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Kataza House is the only ultra-luxe private villa for gorilla trekking in Rwanda

Kate Pirie By Kate Pirie
05 Aug 2021
Rwanda Singita-Kataza-House-Exterior.jpg

Singita Kataza House is the discerning traveller’s dream: a glamorous, earthy, luxurious abode in an incredible setting! This is the perfect exclusive-use villa for those seeking a private wildlife experience in Rwanda.

Perfectly located in the foothills of Sabyinyo, Gahinga and Muhabura volcanoes on the edge of Volcanoes National Park in northwestern Rwanda, this is the place to stay on your gorilla trekking safari, and the only private villa in this region.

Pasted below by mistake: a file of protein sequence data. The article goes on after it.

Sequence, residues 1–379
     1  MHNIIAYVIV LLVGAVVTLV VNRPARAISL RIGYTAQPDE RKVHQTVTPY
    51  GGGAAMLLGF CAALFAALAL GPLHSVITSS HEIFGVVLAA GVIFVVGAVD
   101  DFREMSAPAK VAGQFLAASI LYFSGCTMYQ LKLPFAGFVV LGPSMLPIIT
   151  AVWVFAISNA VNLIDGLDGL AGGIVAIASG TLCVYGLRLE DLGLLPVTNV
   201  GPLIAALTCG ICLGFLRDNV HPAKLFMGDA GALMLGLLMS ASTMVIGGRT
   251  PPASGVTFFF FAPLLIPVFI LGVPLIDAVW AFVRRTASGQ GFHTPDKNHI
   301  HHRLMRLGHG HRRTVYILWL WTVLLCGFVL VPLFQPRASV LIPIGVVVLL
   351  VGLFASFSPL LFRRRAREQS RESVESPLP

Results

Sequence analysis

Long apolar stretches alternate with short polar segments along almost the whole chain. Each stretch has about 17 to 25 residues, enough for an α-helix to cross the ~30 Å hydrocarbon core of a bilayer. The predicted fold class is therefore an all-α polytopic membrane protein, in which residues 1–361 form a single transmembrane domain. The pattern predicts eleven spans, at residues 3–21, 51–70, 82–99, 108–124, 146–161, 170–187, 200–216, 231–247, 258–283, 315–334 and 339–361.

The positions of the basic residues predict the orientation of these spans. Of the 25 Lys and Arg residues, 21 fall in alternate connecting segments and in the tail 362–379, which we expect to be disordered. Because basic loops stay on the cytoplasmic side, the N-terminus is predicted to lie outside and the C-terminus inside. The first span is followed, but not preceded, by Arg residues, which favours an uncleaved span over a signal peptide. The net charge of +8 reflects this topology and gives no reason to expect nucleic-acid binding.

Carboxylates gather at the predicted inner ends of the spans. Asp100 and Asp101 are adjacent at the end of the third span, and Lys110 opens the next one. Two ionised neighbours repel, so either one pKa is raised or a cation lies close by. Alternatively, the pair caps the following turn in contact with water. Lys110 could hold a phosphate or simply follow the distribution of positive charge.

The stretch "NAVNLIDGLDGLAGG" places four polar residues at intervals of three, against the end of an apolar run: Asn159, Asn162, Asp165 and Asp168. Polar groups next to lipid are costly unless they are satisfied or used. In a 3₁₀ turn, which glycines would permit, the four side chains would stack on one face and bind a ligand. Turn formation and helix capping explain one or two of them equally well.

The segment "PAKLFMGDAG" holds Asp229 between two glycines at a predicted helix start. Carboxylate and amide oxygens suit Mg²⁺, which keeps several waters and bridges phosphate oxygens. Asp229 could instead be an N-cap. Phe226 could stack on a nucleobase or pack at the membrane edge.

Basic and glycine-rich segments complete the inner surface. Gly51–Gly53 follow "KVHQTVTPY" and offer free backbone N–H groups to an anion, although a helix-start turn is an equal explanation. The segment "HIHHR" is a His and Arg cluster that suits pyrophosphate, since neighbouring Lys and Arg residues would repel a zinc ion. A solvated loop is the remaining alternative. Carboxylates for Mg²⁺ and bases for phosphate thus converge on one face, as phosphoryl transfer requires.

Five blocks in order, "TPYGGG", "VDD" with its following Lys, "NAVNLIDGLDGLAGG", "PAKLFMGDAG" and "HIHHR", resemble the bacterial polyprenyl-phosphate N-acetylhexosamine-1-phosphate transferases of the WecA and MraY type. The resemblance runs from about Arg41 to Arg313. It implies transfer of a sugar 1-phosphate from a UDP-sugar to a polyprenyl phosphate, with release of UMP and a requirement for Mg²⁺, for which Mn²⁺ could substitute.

What is special about Kataza House?

Kataza House sits on the same land as its ‘big sister’ Kwitonda Lodge – not that Kwitonda is really that big, there are only nine rooms there! Kataza House itself is perfect for a family or small group of friends travelling together and has four bedrooms including a master suite, a junior suite and two double bedrooms.


The space is simply gorgeous, fabulous for the family to spread out. If you are bringing your own staff, there’s even a separate two-bedroomed residence for your family’s nanny / PA / security etc.

The views from the private villa are spectacular, and you look out over the volcanoes, encased in the forest which houses some of the last mountain gorillas on Earth. There are actually seven volcanoes all in a row which form the border between Uganda and Rwanda.